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Easter 7 May 20?

  • To:
  • Subject: Easter 7 May 20?
  • From: Grant Morris Gallup <grant73@turbonett.com.ni>
  • Date: Fri, 11 May 2007 15:45:56 -0600


by The Rev. Grant M. Gallup

May 20, 2007

 2001 Grant M. Gallup

Acts 14:8-18 "The gods have come down to us in human form"
 or Joel 2:21-27 A gospel to the ecosystem
Psalm 67 Deus misereatur
Revelation 21:22-22:5 No temple in the city
John 14:23-29 The Helper will teach you and remind you

"There'll be no algebra in heaven, no learning dates and names, but
only tennis on the lawn, and reading Henry James" -- now that was a
vision of the afterlife that warmed my heart when I came close to
flunking algebra in high school, and cannot even now for the life of
me date the Battle of Bull Run. Our visions of life after death
strongly suggest our hopes for life after birth. We should always
read through them, as through a glass darkly, what kind of world we
want to live in here and now.

The day that John Lennon was murdered, I listened closely I suppose
for the first time to his song, "Imagine" as it was played over and
over on the radio, in renditions by himself and other singers.
"Imagine there's no heaven. . . it's easy if you try. . . no hell
below us, above us only sky! Imagine there's no countries: nothing to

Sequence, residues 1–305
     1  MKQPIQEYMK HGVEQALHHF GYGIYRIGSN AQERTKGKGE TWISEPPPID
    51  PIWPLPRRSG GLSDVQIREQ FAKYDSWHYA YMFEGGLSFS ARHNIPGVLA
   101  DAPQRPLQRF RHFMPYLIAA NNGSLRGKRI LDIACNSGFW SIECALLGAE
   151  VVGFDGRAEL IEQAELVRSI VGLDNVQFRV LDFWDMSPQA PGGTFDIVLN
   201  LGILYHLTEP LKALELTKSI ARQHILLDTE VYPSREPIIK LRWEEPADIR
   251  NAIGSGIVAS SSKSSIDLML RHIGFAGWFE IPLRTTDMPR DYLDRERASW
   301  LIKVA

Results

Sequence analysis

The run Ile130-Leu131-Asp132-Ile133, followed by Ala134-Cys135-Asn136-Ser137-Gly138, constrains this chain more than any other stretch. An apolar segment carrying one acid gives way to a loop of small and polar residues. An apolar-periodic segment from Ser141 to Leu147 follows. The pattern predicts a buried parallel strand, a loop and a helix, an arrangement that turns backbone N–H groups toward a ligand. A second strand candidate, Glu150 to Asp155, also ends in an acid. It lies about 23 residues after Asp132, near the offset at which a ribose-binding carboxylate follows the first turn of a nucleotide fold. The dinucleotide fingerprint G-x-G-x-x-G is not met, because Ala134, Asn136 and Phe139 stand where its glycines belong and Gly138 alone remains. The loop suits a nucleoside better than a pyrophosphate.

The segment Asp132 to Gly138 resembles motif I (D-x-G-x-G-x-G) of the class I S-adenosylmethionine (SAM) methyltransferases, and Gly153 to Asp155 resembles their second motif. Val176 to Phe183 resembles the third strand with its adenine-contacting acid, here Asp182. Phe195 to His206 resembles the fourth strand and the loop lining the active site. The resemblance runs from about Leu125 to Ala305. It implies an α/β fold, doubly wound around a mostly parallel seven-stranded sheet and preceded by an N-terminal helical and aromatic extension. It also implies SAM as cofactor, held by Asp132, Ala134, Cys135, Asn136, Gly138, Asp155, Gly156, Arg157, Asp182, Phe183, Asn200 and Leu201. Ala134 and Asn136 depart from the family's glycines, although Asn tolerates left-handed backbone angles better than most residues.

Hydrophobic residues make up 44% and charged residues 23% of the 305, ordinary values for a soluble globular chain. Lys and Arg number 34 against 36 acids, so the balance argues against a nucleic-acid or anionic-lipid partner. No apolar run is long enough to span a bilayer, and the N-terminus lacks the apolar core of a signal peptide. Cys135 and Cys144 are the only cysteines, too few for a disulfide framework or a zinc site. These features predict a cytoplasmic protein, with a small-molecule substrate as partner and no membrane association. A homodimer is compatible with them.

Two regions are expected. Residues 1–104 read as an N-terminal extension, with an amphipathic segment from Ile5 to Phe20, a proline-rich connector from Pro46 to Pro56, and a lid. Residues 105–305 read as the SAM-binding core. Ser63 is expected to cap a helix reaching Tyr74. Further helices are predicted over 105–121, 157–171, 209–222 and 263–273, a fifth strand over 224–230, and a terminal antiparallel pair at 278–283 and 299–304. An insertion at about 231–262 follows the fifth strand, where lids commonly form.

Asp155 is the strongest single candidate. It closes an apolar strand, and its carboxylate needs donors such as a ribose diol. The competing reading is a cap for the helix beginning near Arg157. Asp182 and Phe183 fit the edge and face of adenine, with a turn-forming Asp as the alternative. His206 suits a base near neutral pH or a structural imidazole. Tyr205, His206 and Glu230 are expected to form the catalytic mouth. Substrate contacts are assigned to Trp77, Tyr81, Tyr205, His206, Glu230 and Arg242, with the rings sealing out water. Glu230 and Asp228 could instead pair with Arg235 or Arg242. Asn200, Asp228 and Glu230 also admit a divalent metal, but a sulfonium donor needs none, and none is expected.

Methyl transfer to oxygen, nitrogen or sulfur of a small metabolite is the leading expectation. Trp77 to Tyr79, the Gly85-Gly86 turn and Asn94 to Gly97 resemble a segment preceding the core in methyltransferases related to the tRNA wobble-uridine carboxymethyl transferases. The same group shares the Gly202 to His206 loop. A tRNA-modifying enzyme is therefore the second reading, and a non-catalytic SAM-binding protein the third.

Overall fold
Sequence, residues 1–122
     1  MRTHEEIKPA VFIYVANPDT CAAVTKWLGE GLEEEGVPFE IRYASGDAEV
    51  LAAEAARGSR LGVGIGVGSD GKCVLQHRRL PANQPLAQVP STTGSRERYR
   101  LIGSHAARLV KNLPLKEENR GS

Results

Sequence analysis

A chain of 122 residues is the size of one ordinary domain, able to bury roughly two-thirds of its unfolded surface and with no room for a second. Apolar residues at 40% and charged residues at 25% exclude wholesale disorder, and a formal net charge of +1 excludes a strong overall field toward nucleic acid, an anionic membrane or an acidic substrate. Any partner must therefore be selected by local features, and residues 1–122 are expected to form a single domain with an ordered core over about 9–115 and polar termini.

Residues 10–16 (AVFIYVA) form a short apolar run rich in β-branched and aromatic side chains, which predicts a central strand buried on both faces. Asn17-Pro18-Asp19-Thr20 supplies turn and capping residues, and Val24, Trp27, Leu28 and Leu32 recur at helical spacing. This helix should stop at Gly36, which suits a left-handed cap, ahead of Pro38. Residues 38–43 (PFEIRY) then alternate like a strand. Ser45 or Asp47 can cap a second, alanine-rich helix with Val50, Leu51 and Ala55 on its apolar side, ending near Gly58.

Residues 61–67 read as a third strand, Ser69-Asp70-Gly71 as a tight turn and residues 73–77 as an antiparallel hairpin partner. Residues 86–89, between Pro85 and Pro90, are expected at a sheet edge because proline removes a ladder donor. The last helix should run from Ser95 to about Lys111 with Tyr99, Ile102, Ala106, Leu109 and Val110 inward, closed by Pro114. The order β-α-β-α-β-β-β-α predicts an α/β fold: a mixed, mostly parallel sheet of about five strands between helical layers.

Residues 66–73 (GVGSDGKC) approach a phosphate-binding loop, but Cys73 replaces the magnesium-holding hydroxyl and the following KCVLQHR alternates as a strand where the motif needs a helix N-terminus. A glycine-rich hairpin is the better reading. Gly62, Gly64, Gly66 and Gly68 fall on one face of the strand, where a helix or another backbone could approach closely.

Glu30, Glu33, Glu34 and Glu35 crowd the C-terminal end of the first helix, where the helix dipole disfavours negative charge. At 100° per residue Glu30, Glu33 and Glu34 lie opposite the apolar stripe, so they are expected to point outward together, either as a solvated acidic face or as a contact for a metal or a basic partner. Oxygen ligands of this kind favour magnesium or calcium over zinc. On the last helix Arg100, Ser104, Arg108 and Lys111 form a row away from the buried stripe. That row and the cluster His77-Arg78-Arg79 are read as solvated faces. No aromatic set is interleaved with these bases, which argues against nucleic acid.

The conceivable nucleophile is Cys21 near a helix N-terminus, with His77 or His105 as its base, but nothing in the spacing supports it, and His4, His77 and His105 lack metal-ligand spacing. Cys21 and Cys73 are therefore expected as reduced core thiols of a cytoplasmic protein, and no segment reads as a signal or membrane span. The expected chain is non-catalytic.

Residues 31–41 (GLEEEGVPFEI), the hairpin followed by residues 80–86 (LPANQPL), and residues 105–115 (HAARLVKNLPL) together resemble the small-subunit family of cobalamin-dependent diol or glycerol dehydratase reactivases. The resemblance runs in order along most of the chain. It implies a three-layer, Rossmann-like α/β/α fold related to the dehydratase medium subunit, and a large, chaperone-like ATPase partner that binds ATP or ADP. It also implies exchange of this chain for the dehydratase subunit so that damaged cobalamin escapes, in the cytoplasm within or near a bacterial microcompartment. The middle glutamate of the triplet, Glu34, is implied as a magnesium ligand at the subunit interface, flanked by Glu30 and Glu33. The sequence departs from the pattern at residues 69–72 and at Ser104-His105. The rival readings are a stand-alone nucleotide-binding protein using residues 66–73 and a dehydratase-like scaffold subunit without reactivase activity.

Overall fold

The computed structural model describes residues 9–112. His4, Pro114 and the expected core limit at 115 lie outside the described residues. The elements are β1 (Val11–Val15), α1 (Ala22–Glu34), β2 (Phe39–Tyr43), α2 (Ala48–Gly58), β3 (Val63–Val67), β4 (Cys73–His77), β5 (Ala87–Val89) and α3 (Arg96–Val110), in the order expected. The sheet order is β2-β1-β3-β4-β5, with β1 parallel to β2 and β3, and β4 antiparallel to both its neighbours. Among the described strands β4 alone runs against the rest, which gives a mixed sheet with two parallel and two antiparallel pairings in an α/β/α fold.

kill or die for, and no religion, too. . . Imagine all the people. .
. living for right now. . .Imagine no possessions, I wonder if you
can. . . I hope some day you'll join me. . . the brotherhood of man.
. . ."

Many were shocked by this song, because the words imagine away our
creeds and pledges of allegiance, invite us into a world without
sects or soldiers, without religion or regimentation, without the
security blankets knitted on our own looms. It struck me suddenly
that another John, long ago in a desert island prison, had such a
vision too:

"I saw no Temple in the holy city, for its temple is the Lord God the
Almighty and the Lamb." No temple, no religion too. In heaven there
won't be any churches, synagogues, or mosques, arguing over which is
the true One. Imagine! There won't be any Sunday morning competition
amongst the televangelists, no crusades or inquisitions, no Holy
Office, Rat Slingers, or Ayatollahs. And there won't be a Chernobyl,
by accident, nor a Hiroshima on purpose. But the Seer's vision is
that of a City that has no need of sun or moon to enlighten it, for
the radiance of God is its light, and its lamp is the Lamb. All that
John Lennon sings in his vision of a New World with no nations,
nothing to kill or die for, is there in John the Seer's song:
"Nothing unclean shall enter, but only what is in the Lamb's Book of
Life." There is no alternative Lamb's Book of Death, for the enemies
of Life to adopt as their own text as they devise a military budget
to defend the class system. For "then he showed me the river of the
water of life, bright as crystal, flowing from the throne of God and
of the Lamb . . . and on either side of the river, the Tree of Life
with its twelve kinds of fruit, yielding fruit each month." It is to
be all Life--no scarcity, no famine, but perennial plenty, and the